Sean Yates released his autobiography 'It's All About the Bike' today. In the book, which covers his years racing and as a team director, he explained how Bradley Wiggins nearly quit the Tour de France last year.
According to an article in the Daily Mail, he described the tense moments in the team after Wiggins' team-mate, Chris Froome rode away on La Toussuire climb. Yates said Wiggins wrote a message from his hotel room that evening that read, "I think it would be better for everyone if I went home."
"Wiggins felt like Froome had stabbed him in the back," wrote Yates. He and team principal, David Brailsford convinced Wiggins to stay in the Tour.
The book also details Yates controversial departure from Sky last winter, his life post-Sky and his new career as a part-time coach and family man.
Armstrong wins book lawsuit
A US Federal judge ruled in favour of Lance Armstrong on Tuesday, saying he should not be held accountable for the lies in his books. Judge Morrison England said Armstrong's right to free speech held more weight in the case, which asked for around $5 million.
Five readers sued after Armstrong admitted to years of drug use and cheating en route to seven Tour de France wins. They claimed that Armstrong's fabrications in his books, including It's Not About The Bike and Every Second Counts, were deceitful and fraudulent under California's consumer protection laws. Along with Armstrong, publishers Random House and Penguin Group, Bill Stapleton and Thomas Weisel were named in the suit.
Armstrong faces other lawsuits stemming from his cheating. Last month, he settled out of court a £1m lawsuit with the Sunday Times.
Nibali producing 20 watts less
Vincenzo Nibali (Astana) leads the Vuelta a España but with fewer watts than when he won the Giro d'Italia in May.
"It's true," the Italian told La Gazzetta dello Sport newspaper. "I lack about 15 to 20 average watts."
Team Manager Giuseppe Martinelli explained that Nibali produced 360 watts average on the Giro stage to Jafferau, 20 watts more than a similar stage to Andorra on Saturday.
Team Sojasun faces end
Even with its ride in the Tour de France, French team Sojasun lacks a sponsor and money to continue into 2014. Stéphane Heulot, manager of the second division team, gives himself until October 1 to find a backer.
"The Tour increased interest in our team but the economic situation is still very delicate," Heulot told Cyclism'Actu. "At the moment I have many possibilities, but nothing concrete. It's too bad because Sojasun increased sells by 10% just in the month of July alone and gained 25% popularity in France."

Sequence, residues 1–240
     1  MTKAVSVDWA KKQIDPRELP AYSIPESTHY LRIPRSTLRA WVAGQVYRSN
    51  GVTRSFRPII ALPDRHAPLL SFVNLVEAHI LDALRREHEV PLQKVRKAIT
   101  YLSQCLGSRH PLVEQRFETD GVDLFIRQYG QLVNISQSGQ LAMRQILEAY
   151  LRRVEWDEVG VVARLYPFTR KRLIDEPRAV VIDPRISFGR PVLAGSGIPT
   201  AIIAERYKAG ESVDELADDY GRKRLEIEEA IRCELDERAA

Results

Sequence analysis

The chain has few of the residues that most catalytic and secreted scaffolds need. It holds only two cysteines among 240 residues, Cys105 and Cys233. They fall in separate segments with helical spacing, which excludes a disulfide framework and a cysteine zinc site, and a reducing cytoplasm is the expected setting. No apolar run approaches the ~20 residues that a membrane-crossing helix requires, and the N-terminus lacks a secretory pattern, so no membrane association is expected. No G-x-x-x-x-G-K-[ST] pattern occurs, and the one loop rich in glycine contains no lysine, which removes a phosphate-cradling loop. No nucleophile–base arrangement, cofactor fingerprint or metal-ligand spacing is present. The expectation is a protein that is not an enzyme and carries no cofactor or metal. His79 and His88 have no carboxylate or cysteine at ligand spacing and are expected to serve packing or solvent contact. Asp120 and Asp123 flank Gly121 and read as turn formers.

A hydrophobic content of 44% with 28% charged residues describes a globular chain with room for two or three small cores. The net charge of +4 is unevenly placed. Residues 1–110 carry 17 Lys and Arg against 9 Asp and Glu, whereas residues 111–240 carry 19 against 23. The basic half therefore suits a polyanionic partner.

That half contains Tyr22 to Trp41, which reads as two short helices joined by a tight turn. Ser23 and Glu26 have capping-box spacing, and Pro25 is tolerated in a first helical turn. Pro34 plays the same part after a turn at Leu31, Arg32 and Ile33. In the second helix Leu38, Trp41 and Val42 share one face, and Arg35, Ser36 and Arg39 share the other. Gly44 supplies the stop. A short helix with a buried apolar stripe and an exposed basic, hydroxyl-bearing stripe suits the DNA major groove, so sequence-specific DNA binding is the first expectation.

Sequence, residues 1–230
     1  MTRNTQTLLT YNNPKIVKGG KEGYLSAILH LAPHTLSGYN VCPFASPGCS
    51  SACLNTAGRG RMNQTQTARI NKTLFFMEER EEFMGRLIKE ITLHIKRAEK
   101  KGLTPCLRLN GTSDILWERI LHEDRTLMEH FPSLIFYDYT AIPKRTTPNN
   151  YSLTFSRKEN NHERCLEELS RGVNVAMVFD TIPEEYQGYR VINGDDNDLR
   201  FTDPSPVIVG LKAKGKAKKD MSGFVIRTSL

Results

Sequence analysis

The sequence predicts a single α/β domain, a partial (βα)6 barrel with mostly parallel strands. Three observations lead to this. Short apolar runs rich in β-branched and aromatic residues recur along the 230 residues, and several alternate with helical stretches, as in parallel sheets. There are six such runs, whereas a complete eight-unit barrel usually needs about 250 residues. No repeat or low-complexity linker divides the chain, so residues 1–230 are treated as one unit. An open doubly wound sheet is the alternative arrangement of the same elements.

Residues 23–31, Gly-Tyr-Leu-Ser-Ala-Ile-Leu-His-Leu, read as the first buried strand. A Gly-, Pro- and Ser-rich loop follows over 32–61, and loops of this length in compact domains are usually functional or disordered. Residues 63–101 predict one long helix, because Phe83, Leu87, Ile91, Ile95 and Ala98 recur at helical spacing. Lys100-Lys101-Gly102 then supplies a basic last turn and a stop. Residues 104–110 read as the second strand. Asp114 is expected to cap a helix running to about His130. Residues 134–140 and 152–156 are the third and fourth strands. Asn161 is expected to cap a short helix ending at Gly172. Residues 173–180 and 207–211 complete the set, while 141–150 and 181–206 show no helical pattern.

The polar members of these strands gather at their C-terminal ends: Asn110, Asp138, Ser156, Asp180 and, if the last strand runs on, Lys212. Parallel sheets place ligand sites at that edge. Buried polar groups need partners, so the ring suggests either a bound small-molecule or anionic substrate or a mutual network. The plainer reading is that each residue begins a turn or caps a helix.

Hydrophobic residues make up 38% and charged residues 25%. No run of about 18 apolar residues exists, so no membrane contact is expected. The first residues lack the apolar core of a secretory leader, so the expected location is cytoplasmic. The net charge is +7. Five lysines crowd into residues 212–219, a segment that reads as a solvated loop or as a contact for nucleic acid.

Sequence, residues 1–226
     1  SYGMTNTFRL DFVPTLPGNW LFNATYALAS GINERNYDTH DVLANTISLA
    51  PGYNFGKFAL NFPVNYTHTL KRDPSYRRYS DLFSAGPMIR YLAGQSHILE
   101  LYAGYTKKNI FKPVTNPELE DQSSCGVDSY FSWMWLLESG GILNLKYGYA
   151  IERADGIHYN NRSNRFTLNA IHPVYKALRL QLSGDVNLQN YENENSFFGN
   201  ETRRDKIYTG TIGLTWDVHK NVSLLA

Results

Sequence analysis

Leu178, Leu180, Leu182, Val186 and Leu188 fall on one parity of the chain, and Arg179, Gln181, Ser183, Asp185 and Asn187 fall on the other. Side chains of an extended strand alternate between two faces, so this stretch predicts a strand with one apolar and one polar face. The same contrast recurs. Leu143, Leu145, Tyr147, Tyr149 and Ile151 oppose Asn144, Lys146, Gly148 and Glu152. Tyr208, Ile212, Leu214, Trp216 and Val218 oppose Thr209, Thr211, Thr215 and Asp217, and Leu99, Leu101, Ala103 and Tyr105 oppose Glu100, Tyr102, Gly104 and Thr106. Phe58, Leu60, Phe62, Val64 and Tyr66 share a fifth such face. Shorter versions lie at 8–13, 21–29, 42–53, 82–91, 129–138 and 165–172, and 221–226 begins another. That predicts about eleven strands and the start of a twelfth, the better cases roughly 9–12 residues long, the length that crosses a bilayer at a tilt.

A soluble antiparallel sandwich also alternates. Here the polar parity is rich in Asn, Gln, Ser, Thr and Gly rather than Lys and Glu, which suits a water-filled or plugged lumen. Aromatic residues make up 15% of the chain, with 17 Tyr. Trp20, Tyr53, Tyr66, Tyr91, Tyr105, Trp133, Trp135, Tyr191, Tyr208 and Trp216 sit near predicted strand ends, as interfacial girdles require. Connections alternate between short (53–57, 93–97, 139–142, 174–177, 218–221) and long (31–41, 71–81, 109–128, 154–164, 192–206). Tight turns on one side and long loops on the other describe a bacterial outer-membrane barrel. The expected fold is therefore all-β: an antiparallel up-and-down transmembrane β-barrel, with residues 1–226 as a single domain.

Dauphine stage winner Veilleux retires at 25
Canadian David Veilleux (Europcar), winner of Critérium du Dauphiné stage one, will retire at 25 years old this weekend. After racing in this weekend's Canadian one-day races, he wants to turn his attention to his university studies.
"I've taken part in many of the monuments - Milano-Sanremo, Roubaix and Flanders - and the World Championships," he wrote in a letter published on Canada's TVA Sports website. "And, I achieved my wildest dream, to complete the Tour de France."
Purchase your copy at the Cycling Weekly Shop
Thank you for reading 10 articles this month* Join now for unlimited access
Enjoy your first month for just £1 / $1 / €1
*Read 5 free articles per month without a subscription
Join now for unlimited access
Try first month for just £1 / $1 / €1
Gregor Brown is an experienced cycling journalist, based in Florence, Italy. He has covered races all over the world for over a decade - following the Giro, Tour de France, and every major race since 2006. His love of cycling began with freestyle and BMX, before the 1998 Tour de France led him to a deep appreciation of the road racing season.
Neah Evans and Charlie Tanfield take National track titles
Olympians put in strong performances on the first day of competition in Newport
By Vern Pitt • Published
A Call of a Life Time: YouTube docuseries chronicling the Life Time Grand Prix premiers tonight
The six-part series promises a 'binge-worthy' behind-the-scenes look into the off-road cycling world
By Anne-Marije Rook • Published